About nine months ago, Misys, the technology firm, hatched a secret project code-named Orion. The plan was conceived within Misys, not the subsidiary that supplies systems and quotation engines to insurance brokers called Misys Financial Systems.
The first aim of Orion was to arrange meetings with a gang of six of the UK's top composite insurers: Groupama, Allianz Cornhill, Axa, Royal & Sunalliance (RSA), Norwich Union (NU) and Zurich.
In these meetings Misys expounded – and the insurers nodded – how general insurance should be distributed in this country. Their “shared vision” was for a single internet portal through which all the insurers' products would be made available to brokers. This portal, Misys said, would sit “above” other software houses and application service providers, distributing products to them and eventually their brokers.
Last week Orion became the joint venture I2i-link. Theoretically, any insurance provider will be able to “hook into” the portal and access net-rated insurance products that the gang of six have developed and rated. This is expected to be built and in use within three to four years.
In public, the software houses that are being asked to plug in to the portal have been reluctant to criticise the venture because they are frightened of upsetting the powerful insurers behind it. But privately, they are deeply, deeply suspicious. Until now, each has had an active involvement in – and significant revenue from – product development. Misys has also been one of their most bitter competitors for years.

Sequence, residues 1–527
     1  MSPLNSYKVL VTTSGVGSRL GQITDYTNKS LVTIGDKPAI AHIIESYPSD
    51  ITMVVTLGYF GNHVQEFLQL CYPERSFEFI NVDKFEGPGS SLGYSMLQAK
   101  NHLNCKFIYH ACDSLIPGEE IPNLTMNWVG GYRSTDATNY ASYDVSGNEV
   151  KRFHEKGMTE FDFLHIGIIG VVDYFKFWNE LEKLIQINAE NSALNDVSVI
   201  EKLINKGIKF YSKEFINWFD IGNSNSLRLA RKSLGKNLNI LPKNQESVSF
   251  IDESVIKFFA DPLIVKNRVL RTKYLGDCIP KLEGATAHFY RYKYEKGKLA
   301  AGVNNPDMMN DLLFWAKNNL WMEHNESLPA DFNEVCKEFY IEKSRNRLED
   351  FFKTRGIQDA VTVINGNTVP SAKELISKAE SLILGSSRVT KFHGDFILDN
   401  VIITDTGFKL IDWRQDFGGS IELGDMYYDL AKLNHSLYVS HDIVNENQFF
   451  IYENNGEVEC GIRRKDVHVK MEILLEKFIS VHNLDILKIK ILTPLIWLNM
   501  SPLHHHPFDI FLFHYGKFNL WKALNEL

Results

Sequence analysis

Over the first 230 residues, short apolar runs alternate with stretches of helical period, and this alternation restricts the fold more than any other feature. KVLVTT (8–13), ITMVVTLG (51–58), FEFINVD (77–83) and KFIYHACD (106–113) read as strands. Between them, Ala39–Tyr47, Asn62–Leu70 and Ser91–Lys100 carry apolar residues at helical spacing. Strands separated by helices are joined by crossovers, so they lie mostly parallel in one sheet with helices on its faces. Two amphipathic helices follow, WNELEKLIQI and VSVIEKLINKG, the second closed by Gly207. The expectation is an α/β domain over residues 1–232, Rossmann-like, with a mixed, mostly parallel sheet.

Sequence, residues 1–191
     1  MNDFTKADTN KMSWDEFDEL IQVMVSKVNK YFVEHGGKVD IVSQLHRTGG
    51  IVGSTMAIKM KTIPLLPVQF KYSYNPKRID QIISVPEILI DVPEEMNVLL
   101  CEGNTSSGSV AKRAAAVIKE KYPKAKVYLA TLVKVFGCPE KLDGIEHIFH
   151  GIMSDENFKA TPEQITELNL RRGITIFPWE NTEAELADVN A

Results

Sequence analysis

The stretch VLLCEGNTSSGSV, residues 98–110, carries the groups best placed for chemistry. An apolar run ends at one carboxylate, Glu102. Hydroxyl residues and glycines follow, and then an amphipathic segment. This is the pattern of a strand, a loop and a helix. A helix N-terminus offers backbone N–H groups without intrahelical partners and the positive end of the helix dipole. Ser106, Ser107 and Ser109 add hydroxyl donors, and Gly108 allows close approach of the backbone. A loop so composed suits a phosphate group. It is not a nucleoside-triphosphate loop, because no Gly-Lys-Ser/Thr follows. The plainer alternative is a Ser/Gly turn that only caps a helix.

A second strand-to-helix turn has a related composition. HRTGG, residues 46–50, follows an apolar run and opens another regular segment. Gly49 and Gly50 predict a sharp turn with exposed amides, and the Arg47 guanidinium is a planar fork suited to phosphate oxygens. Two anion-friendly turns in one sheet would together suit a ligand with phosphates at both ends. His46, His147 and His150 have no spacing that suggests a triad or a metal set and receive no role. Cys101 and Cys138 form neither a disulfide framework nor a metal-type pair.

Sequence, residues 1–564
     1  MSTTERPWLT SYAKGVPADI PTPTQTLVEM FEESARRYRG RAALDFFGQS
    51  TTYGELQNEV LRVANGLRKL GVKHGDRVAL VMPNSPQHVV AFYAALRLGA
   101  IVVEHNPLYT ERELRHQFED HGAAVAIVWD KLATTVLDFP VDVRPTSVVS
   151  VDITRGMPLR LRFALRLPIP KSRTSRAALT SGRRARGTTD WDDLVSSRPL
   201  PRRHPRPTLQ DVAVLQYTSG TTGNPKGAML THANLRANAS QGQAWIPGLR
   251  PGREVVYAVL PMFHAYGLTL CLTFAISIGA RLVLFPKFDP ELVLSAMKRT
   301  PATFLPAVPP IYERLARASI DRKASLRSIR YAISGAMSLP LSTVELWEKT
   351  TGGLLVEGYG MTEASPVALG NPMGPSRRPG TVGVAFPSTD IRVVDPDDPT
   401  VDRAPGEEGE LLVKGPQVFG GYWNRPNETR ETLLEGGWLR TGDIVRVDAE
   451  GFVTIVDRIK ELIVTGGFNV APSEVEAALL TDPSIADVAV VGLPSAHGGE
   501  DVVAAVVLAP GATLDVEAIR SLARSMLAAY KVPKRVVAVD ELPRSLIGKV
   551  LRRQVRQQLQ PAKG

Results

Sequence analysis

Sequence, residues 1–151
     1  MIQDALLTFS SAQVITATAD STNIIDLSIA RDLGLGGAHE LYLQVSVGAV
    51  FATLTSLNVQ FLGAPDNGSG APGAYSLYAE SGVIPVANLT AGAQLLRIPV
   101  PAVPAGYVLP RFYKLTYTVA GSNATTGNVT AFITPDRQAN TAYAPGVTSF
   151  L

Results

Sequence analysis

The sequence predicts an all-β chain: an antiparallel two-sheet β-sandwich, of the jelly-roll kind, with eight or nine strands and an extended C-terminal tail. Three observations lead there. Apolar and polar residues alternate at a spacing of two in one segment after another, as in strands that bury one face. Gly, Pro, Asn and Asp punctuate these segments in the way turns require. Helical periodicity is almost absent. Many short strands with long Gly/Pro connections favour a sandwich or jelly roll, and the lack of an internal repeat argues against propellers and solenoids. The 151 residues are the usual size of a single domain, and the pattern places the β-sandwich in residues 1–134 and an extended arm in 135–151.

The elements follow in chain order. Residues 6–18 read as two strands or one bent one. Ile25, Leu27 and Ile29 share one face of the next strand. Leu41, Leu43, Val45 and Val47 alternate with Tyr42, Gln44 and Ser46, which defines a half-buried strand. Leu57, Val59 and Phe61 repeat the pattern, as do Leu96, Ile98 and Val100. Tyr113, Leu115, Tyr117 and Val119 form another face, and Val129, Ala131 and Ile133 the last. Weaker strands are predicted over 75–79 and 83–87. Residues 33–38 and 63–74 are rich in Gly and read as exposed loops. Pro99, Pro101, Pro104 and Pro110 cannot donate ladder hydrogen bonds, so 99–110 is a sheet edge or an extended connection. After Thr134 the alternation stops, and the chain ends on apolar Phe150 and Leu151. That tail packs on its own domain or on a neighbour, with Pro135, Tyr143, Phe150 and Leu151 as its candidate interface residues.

A director at one of the four rival broker software firms says: “I think the insurance companies have got a screw loose. I can't believe they are going to invest in a company that has never brought any new technology to market – ever.”
An exaggeration perhaps. Misys has brought new technology to market including Oasys, its new package for brokers. The company claims to have spent more than any of its rivals on research and development. Misys has also developed M-Link, a portal for independent financial advisers (IFAs) that provides the basic blueprint for I2i-link.
The software house director adds: “What's in it for us? There is nothing in this for the software houses at all. Misys is going to have an incredible amount of income coming in if this works, and that is very worrying. We aren't allowed to have an equity stake, it was presented to us as a fait accompli.”
Steve Broughton, who heads the I2i-link consultative forum and is also managing director of RSA's intermediated personal lines book, responds: “What's in it for the software houses is money.” The software houses will be offered a negotiated share of transaction revenues.
An atmosphere of suspicion is also prevalent at some of the other insurers too. Many have strong relationships with other software houses, relationships that span product development and distribution.